Rep. Adam Schiff, D-Calif., ranking member of the House Intelligence Committee, speaks after a closed meeting on Capitol Hill, Tuesday, June 6, 2017, in Washington. (AP Photo/Alex Brandon)

There are two things that we have to acknowledge.

The first is that an idea that was widely panned by liberals and journalists as a conspiracy theory was confirmed by the New York Times yesterday. The second is that, in confirming it, we might have a glimpse into the coup that is happening right under Nancy Pelosi’s nose.

Most conservatives who dared to suggest that the rollout of the whistleblower complaint was a coordinated drip-drip by House Democrats (particularly Adam Schiff) were attacked as crazy conspiracy theorists for the past couple of days. Then, the Times released their story and basically confirmed that, yes, Schiff had knowledge of this for a month and a half and could, at least theoretically, have planned a slow rollout.

WASHINGTON — The Democratic head of the House Intelligence Committee, Representative Adam B. Schiff of California, learned about the outlines of a C.I.A. officer’s concerns that President Trump had abused his power days before the officer filed a whistle-blower complaint, according to a spokesman and current and former American officials.

As Erick Erickson mentioned on his Atlanta-based radio show yesterday, the writers here omitted a very important piece of information in this opening paragraph – and the entire story.

The whistle-blower complaint was filed on August 12. The news broke in late September.

That’s a pretty big omission because, without that context, you could read that paragraph and think this is all recent stuff. But, it isn’t. It’s a month and a half of trying to build a (rather shoddy) impeachment case. A case, the Times adds, the whistle-blower didn’t seem able to make he got “help” from House Intelligence aides.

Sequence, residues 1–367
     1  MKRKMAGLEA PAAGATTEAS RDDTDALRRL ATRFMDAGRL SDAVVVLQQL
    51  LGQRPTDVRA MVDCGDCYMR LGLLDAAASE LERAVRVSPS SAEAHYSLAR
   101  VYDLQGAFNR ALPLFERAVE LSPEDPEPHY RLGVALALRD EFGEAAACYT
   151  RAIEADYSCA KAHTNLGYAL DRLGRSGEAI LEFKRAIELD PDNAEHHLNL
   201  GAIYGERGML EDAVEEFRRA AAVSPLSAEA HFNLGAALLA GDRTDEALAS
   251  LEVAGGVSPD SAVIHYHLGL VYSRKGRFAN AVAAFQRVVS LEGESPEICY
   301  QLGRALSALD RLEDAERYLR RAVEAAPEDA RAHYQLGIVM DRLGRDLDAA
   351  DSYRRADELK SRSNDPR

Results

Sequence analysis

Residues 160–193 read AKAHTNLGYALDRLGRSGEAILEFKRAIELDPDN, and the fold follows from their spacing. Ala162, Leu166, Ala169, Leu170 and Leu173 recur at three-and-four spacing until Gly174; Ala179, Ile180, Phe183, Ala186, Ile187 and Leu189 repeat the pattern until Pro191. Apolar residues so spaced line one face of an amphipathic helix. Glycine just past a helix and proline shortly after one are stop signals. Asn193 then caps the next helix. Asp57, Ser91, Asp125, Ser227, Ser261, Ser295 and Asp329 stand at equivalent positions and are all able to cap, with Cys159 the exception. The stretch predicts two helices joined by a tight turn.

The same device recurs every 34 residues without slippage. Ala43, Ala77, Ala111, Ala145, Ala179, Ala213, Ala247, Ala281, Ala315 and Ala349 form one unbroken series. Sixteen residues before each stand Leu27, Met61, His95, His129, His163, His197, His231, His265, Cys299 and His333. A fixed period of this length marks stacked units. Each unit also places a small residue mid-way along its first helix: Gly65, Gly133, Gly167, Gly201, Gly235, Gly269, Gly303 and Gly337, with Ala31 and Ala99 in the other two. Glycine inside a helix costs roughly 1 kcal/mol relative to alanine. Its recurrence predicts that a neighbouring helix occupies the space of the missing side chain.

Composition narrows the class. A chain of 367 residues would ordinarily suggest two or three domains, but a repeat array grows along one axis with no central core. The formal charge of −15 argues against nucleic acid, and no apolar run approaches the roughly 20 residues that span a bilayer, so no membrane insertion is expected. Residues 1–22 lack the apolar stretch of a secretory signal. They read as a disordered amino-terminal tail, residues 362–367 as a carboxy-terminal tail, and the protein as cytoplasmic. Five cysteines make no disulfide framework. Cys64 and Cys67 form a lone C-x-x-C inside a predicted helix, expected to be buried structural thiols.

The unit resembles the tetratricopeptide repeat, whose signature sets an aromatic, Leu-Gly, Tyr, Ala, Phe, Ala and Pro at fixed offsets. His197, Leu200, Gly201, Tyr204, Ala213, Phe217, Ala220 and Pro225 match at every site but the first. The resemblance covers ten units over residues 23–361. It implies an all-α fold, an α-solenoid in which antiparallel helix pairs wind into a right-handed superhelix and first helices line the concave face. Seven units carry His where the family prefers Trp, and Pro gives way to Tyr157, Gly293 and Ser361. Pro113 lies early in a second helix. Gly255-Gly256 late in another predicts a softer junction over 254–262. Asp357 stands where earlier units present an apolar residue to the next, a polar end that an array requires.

The early account by the future whistle-blower shows how determined he was to make known his allegations that Mr. Trump asked Ukraine’s government to interfere on his behalf in the 2020 election. It also explains how Mr. Schiff knew to press for the complaint when the Trump administration initially blocked lawmakers from seeing it.

The C.I.A. officer approached a House Intelligence Committee aide with his concerns about Mr. Trump only after he had had a colleague first convey them to the C.I.A.’s top lawyer. Concerned about how that initial avenue for airing his allegations through the C.I.A. was unfolding, the officer then approached the House aide. In both cases, the original accusation was vague.

However, the caveat here is that we still don’t have all the information. Only the publicly-released information. There are investigations and, as I said last week, the whistle-blower’s complaint is written in a way that makes it appear more as a road map to impeachment rather than an impeachment accusation itself. There is still the (in my opinion, rapidly shrinking) chance that someone does have something that could be properly used against Trump.

But that is a discussion for lawyers and people who are interested in pursuing this rabbit hole. I am not. Instead, I find it way more fascinating to note that the New York Times story also had another glaring omission: Nancy Pelosi’s name.

The Speaker of the House, the loudest and most powerful voice against impeachment proceedings, appears nowhere in the timeline the Times has built for this story. If Pelosi knew about the whistle-blower complaint, it appears that it came way later than the House Intelligence’s discovery of it.

That isn’t a mistake on Schiff’s part as chairman of that committee. That’s a straight-up coup of Pelosi’s role as Speaker of the House and leader of the Democrats in Congress. Schiff kept this from his boss.

If that is the case, then Pelosi would do best to announce retirement now. She’s got no real power left. Let Nadler or Schiff or, God help us, Ocasio-Cortez fight for the job. If one of her closest lieutenants kept this whistle-blower report from her – and there is very little evidence suggesting she was in on it from the start or even from the middle – then she does not even have the respect of her House leaders.

Schiff not only prepped a slow rollout of the whistleblower complaint, but did so behind the back of (supposedly) the most powerful woman in Congress. He forced her hand on impeachment, a move she has carefully sought to avoid making.

That’s a whole bloody rebellion.